Alternating lockdown strategy involves splitting the population into two groups that alternate between lockdown and routine activity in weekly succession. Most projections indicate that social distancing – from mobility restrictions to complete lockdowns — may take many weeks, possibly even months, a potentially devastating outcome for social and economic stability. One of the challenges is that the sick cannot be selectively isolated, since many of the spreaders remain pre-symptomatic for a period ranging from several days to as much as two weeks – invisible spreaders that continue to be socially active. Hence, it seems that without a population-wide lockdown isolating the carriers cannot be achieved effectively.
To bypass this challenge, Bar-Ilan University researchers, led by Dr. Baruch Barzel of the Department of Mathematics, have devised a strategy based on alternating lockdowns: first splitting the population into two groups, then alternating these groups between lockdown and routine activity in weekly succession. Together with isolation of the symptomatic spreaders and the adoption of everyday prophylactic behaviors, this strategy can help defeat the virus, while sustaining socio-economic activity at a 50% level.
In the alternating lockdown routine, society will be partitioned into two groups, with little interaction between them — one half active this week, and the other active only the next. This will already slow the spread, but its main advantage is that it helps isolate the invisible spreaders, such as those who are pre-symptomatic carriers still in the incubation period. “Consider an individual who became infected during their active week. They are now in their pre-symptomatic period – the most dangerous stage, in which they are invisible spreaders. The crucial point is that, according to the alternating lock-down routine they are now scheduled to enter their lock-down phase” explains Dr. Barzel. “Staying at home for another week, they will most likely begin to exhibit symptoms, and therefore remain in isolation until full recovery. Indeed, if following a week of lock-down they show no symptoms, they are most likely uninfected and can partake in social and professional activities during their active week. Therefore, alternating lockdown with full isolation of symptomatic spreaders ensures that at all times, the majority of invisible spreaders are inactive, as their incubation period is naturally directed towards their lockdown phase.”
At present, most people are extremely cautious, and will refrain from any contact with someone showing symptoms. “Therefore, we believe that it is the invisible spreaders that are the main contributors to the proliferating case count. Our strategy is precisely directed at this challenge — placing each person on weekly lockdown after they were potentially exposed during their active week. Hence, we effectively isolate not just the sick, but also the majority of the pre-symptomatic carriers,” says Barzel.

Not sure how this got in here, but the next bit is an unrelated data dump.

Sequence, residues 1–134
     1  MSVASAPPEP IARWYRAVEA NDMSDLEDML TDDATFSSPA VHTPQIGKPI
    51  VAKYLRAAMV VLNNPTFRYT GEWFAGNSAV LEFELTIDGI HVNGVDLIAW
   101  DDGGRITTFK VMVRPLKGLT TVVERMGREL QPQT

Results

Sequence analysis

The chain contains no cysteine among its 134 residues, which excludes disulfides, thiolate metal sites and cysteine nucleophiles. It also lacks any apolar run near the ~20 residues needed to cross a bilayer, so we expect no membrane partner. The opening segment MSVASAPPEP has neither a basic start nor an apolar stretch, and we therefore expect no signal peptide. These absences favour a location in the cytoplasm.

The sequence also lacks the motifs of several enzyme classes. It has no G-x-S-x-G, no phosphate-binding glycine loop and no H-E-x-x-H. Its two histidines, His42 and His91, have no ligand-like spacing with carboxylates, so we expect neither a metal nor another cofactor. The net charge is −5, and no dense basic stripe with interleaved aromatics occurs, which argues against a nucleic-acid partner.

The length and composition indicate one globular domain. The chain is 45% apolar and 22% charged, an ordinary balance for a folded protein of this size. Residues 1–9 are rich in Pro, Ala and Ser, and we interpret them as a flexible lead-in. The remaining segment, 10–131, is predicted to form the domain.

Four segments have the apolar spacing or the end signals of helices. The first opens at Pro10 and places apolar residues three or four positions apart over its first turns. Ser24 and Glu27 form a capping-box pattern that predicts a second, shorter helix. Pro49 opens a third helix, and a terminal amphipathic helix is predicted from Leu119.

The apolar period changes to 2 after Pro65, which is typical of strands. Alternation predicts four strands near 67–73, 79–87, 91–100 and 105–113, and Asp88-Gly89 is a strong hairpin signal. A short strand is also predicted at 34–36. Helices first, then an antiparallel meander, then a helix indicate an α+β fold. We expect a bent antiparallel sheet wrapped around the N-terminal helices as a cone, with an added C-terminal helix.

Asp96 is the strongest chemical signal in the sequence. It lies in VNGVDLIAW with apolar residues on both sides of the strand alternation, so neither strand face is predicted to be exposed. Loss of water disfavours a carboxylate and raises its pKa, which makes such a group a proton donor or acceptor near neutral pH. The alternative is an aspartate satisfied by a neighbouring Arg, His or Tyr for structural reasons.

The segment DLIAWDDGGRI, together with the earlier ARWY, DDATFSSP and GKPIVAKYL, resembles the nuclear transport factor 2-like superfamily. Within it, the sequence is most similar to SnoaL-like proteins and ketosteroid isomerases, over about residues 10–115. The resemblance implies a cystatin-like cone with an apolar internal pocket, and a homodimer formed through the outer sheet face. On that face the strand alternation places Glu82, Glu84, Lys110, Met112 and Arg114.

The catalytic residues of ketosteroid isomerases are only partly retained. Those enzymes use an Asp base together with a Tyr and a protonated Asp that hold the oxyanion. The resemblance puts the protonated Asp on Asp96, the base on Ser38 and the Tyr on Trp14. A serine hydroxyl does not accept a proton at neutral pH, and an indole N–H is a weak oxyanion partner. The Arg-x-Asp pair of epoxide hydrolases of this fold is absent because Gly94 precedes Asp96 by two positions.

To examine this Barzel and team simulated the spread of COVID-19 using the SEIR model, assuming that only the invisible spreaders contribute to the infection. This model tracks the number of individuals as they transition between the different stages of the disease: Susceptible (those available to contract the disease), Exposed (those who are at their pre-symptomatic stage), Infected (those who develop symptoms), and Recovered (those who are already immune).They found that employing their strategy significantly reduces the spread and helps flatten the curve. “We can achieve more if we also adopt responsible behavior. Specifically, we expect that even during their active week, people will continue to interact with caution: avoid physical contact, increase personal space and practice hygienic behavior. These additional measures, when coupled with our alternating lockdown strategy, can help inhibit the spread, allowing us to overcome COVID-19 with reasonable economic consequences,” he says.
Sustaining restrictive measures such as lockdowns is always a challenge, since some percentage of the population may not cooperate, especially in democratic and individualistic societies. The researchers therefore allowed for a fraction of defectors who continue to be active even during their lockdown phase in their simulation. This can also represent exempt individuals who hold essential positions and cannot be under lockdown. They found that even under 30% of non-cooperators would still overcome the viral spread.
The proposed weekly succession is aimed to sustain a functional economy in these challenging times. The researchers believe that, providing an outlet for people to continue their social and professional activity, at least at 50% capacity, will, in and of itself encourage cooperation, as it relaxes some of the individual stress endured under lockdown.
Barzel and team’s mathematical analysis and numerical results, including all their codes, were recently published on the arXiv.org. Since publication the strategy has gained immense traction. Barzel and team have been approached by the Israel National Security Council and have presented the strategy to the academic committee advising the government. They were also contacted by international groups in the US advising 17 governments around the world. Barzel believes there is a good chance that his team’s suggestion will be implemented, most probably together with complementary mitigation measures.
Published in arXiv.org april 2020